Monday, 27 January 2014

Matt Archer: Bloodlines by Kendra C. Highley Blog Tour and Guest Post!



Title : Matt Archer: Bloodlines
Author : Kendra C. Highley 
Date Published : 1/4/2014
Genre : YA Paranormal


When seventeen-year-old Matt Archer set out on his last mission in the Australian Outback, he thought it would be like every other hunt. 
Not even close. 
After only two days on the ground, his best friend is possessed, a long-lost family member has returned and hidden truths have come to the surface. Add in a coven of witches bent on bringing about the end of the world and, well, this trip has started to suck. Badly.  
As his power and strength continue to grow, so does Matt’s concern that he’s becoming more and more like the creatures he’s been charged to hunt: a monster.
Faced with some of his biggest challenges to date, Matt has to decide what he needs to protect most—his family, his team…or himself. 

Excerpt!
When I was fourteen, I picked up a knife and started a fight that was named mine long before I was born. When I was fifteen, I was forced into a war against creatures the rest of humankind should never know about—and they won’t if I have anything to do about it. When I was sixteen, I became a slave to my destiny, and the spirits who guided it. Now I’m seventeen, and the fault, a man once said, is not in our stars, but in ourselves. Or in my case, my blood. Which is why I was chosen. And why I have to fight. My name is Matt Archer. And I am my father’s son.
 * * *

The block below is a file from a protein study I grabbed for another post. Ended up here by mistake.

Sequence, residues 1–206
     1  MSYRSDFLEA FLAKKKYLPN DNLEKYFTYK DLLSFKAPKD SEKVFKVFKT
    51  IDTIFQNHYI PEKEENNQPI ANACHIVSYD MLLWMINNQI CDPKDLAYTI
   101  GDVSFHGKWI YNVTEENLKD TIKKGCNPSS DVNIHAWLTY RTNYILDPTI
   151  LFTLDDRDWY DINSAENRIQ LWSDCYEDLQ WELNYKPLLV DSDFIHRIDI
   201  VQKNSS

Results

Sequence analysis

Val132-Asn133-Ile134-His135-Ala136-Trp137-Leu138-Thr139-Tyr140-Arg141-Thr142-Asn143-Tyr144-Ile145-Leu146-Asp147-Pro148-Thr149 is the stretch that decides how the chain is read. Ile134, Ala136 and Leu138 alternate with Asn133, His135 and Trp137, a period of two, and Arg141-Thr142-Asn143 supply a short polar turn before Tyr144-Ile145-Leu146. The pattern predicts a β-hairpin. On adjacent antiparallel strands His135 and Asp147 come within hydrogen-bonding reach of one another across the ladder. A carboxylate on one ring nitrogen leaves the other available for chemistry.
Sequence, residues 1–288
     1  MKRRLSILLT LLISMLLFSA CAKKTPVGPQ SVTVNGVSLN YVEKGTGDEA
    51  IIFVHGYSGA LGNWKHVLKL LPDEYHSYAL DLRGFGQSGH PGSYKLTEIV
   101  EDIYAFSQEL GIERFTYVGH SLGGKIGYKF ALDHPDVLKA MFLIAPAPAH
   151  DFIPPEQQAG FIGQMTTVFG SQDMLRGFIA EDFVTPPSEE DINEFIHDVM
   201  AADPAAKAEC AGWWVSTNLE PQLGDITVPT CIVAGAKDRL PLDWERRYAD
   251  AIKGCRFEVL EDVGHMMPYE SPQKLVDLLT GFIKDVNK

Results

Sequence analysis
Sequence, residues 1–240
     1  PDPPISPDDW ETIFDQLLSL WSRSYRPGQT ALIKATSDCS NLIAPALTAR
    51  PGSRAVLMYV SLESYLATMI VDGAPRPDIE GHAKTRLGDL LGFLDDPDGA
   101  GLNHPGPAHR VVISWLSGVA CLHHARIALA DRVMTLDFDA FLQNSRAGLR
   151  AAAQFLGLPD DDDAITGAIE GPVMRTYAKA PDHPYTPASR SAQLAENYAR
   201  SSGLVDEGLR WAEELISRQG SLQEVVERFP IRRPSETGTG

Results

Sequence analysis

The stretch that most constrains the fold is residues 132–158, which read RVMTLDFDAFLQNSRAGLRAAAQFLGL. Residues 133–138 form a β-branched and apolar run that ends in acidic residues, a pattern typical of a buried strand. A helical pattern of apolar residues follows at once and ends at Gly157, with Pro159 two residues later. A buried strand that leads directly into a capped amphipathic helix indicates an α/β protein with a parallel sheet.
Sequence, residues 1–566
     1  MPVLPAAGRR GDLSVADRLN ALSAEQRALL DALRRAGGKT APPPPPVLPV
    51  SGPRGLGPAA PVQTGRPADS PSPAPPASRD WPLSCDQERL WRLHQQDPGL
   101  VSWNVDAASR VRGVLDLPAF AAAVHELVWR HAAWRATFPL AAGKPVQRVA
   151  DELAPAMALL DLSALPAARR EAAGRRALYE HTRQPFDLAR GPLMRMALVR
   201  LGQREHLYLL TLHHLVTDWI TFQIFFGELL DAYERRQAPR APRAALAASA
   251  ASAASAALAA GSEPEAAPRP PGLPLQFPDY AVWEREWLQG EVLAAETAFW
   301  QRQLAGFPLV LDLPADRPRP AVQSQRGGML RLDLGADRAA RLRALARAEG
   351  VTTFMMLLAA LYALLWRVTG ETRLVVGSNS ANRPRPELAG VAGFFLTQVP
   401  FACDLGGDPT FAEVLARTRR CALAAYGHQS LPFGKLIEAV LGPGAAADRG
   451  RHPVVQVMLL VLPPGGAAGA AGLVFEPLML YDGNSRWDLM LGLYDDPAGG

“I’ll kill you! I’ll kill all of you and drink your blood!” My best friend was in rare form this evening. Will had been ranting like that ever since he managed to spit out the bandana we’d gagged him with. No one felt like dealing with him, though, so we didn’t bother shoving the gag back in. Still, I felt responsible for his well-being, even if Will was possessed by a demon and not his usual happy asshat self. I grabbed an MRE—a hamburger patty for the entree—and ducked inside the command tent, one of the few left standing after last night’s monster attack. The interior smelled like sweat, piss and…burned bacon? “Gross, dude,” I told not-Will. “You smell like a prison latrine.” Not-Will spit at me. His face was pale in the dim light, but his eyes glowed a brilliant jade green. “You’ll beg for mercy before the end.” “That’s getting really old. Why don’t you give your voice a rest, okay?” I held up the MRE. “I’m guessing that even demons have to eat. You hungry?” Not-Will shut up for a moment, but his muscles still strained against the towing cable keeping him tied to his cot. My best friend, at six-four and two-hundred-forty pounds, was pretty strong on his own. Add in a little dark magic, and he was like a tank with legs. It had taken three guys to tie him up, and the Humvee’s towing cable—one end still attached to the vehicle—had been the only thing hefty enough to keep not-Will chained. “I would appreciate a meal,” he said in a formal, polite voice. That wasn’t like the real Will, either. “Okay. I’ll feed you and bring you some water, if only to keep your mouth full so you can’t scream at us for a while.” I opened the MRE, discarding anything not-Will could use as a weapon if he got loose. Because his hands were tied behind his back, I had to feed him. “Seriously, man, if you remember any of this after we exorcise you, you’ll never live it down,” I muttered as not-Will chomped up his food like a rabid dog. “I’ll kill you soon, so none of that matters,” not-Will said, smiling and showing me bits of carrot in his teeth. In any other situation, I’d have laughed. This evening, I had too much on mind to find any of this funny. Badass Aunt Julie poked her head in the tent while I attempted to shovel applesauce into not-Will’s mouth. She wrinkled her nose at the stench. “Poor Will.” “Hello, gorgeous.” Not-Will leered at my aunt, and his eyes roamed every part of her body. Even wearing desert print battle-dress uniform, Aunt Julie was gorgeous…and no one but my Uncle Mike had license to look at her that way. My fists clenched as he said, “Think I’ll keep you around a while after I’ve killed all the men. We could have a little fun.” Aunt Julie gave not-Will a dangerous smile. The demon must not know who he was dealing with. “I’d like to see you try. I could kill you with a nail. Or a spoon.” Her smile faded into a scowl. “Or a tire-iron. I’m not picky.” “Captain, did you need something?” I asked, not in the mood to break up a tent brawl. When in doubt, interrupt. “Sorry,” she said, rubbing her eyes. “The major got worried so I came to check on you.” I shrugged; Major Tannen—also known as my Uncle Mike and Aunt Julie’s husband—had reason to worry. Right now, it seemed like this day would never, ever end. I’d gotten most of the food into not-Will’s mouth and I was ready to escape. “Will, if you’re in there, kick that demon’s ass, okay? See you later.” We’d barely cleared the tent before he started screaming threats again. Every muscle in my back tensed up. “Tell the major I’ll be at the other end of camp.” I jabbed a thumb at the command tent. “I don’t think I can handle listening to that anymore.” Aunt Julie patted my shoulder. “We’ll fix it. Agent Archer thinks his contact with the local Nocturna Maura coven can help displace Will’s demon.” Agent Archer…maybe if I called him that—instead of Dad—this whole situation would be a little less weird. I doubted it, though. “I need some air.” I stalked to the far end of camp and settled down facing west. The sun was beginning to set, and I needed its warmth and protection for as long as it lasted. Night would bring horrors, and I had to be prepared to fight them. I reached into my left jacket pocket and pulled out the St. Christopher medal my girlfriend had given me more than a year ago. I turned it over and over in my hand. I missed Ella like crazy, and the medal gave me hope that I’d live to see another dawn. Dad came striding out of the HQ tent and headed my direction. He didn’t see Uncle Mike step out behind him, his right arm bound up in a sling. Not-Will had dislocated Uncle Mike’s shoulder in addition to breaking my nose last night. Mike watched Dad’s progress with narrowed eyes. I let out a long breath. As if I didn’t have enough to deal with; now I was caught in a tug of war between the guy who fathered me and the man who raised me. My life could easily be a three-ring circus for all the chaos and drama going on around me. “Tink, think you could, I don’t know, teleport me somewhere?” No answer. “Crap, now I’m missing you and Ella. How’s that for irony?” Still nothing. Yeah, Tink was well and truly gone. Our knife-spirits had been banished somehow. Not-Will had told us his mistress had sent them away. As angry as I’d been with Tink when we left on this mission, the absence of her presence in my head left an echoing emptiness. And despair, too. How could we complete this operation without the spirits’ help? I had to get her back somehow, if not for me, for Will. I’d seen Tink save someone else from a demon possession—maybe she’d be able to help Will, too. If only I could find her.